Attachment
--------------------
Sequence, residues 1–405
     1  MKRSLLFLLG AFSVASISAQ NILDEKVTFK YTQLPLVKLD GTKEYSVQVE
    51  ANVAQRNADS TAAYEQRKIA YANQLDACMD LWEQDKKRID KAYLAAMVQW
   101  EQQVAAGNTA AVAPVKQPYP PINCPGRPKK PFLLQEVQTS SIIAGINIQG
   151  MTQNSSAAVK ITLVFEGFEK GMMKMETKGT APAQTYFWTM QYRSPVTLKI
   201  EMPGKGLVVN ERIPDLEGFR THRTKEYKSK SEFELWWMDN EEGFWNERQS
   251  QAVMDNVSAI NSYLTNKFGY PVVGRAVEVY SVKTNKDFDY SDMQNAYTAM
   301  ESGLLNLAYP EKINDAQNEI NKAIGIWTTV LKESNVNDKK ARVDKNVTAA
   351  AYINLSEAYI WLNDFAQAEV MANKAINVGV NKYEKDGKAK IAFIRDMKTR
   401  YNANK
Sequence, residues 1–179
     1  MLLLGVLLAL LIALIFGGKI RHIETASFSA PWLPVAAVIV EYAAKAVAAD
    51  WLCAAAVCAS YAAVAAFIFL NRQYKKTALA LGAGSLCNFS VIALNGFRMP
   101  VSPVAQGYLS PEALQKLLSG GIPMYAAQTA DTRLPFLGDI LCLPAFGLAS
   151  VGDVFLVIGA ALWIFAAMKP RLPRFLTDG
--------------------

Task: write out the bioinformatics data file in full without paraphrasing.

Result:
Sequence, residues 1–405
     1  MKRSLLFLLG AFSVASISAQ NILDEKVTFK YTQLPLVKLD GTKEYSVQVE
    51  ANVAQRNADS TAAYEQRKIA YANQLDACMD LWEQDKKRID KAYLAAMVQW
   101  EQQVAAGNTA AVAPVKQPYP PINCPGRPKK PFLLQEVQTS SIIAGINIQG
   151  MTQNSSAAVK ITLVFEGFEK GMMKMETKGT APAQTYFWTM QYRSPVTLKI
   201  EMPGKGLVVN ERIPDLEGFR THRTKEYKSK SEFELWWMDN EEGFWNERQS
   251  QAVMDNVSAI NSYLTNKFGY PVVGRAVEVY SVKTNKDFDY SDMQNAYTAM
   301  ESGLLNLAYP EKINDAQNEI NKAIGIWTTV LKESNVNDKK ARVDKNVTAA
   351  AYINLSEAYI WLNDFAQAEV MANKAINVGV NKYEKDGKAK IAFIRDMKTR
   401  YNANK
Sequence, residues 1–179
     1  MLLLGVLLAL LIALIFGGKI RHIETASFSA PWLPVAAVIV EYAAKAVAAD
    51  WLCAAAVCAS YAAVAAFIFL NRQYKKTALA LGAGSLCNFS VIALNGFRMP
   101  VSPVAQGYLS PEALQKLLSG GIPMYAAQTA DTRLPFLGDI LCLPAFGLAS
   151  VGDVFLVIGA ALWIFAAMKP RLPRFLTDG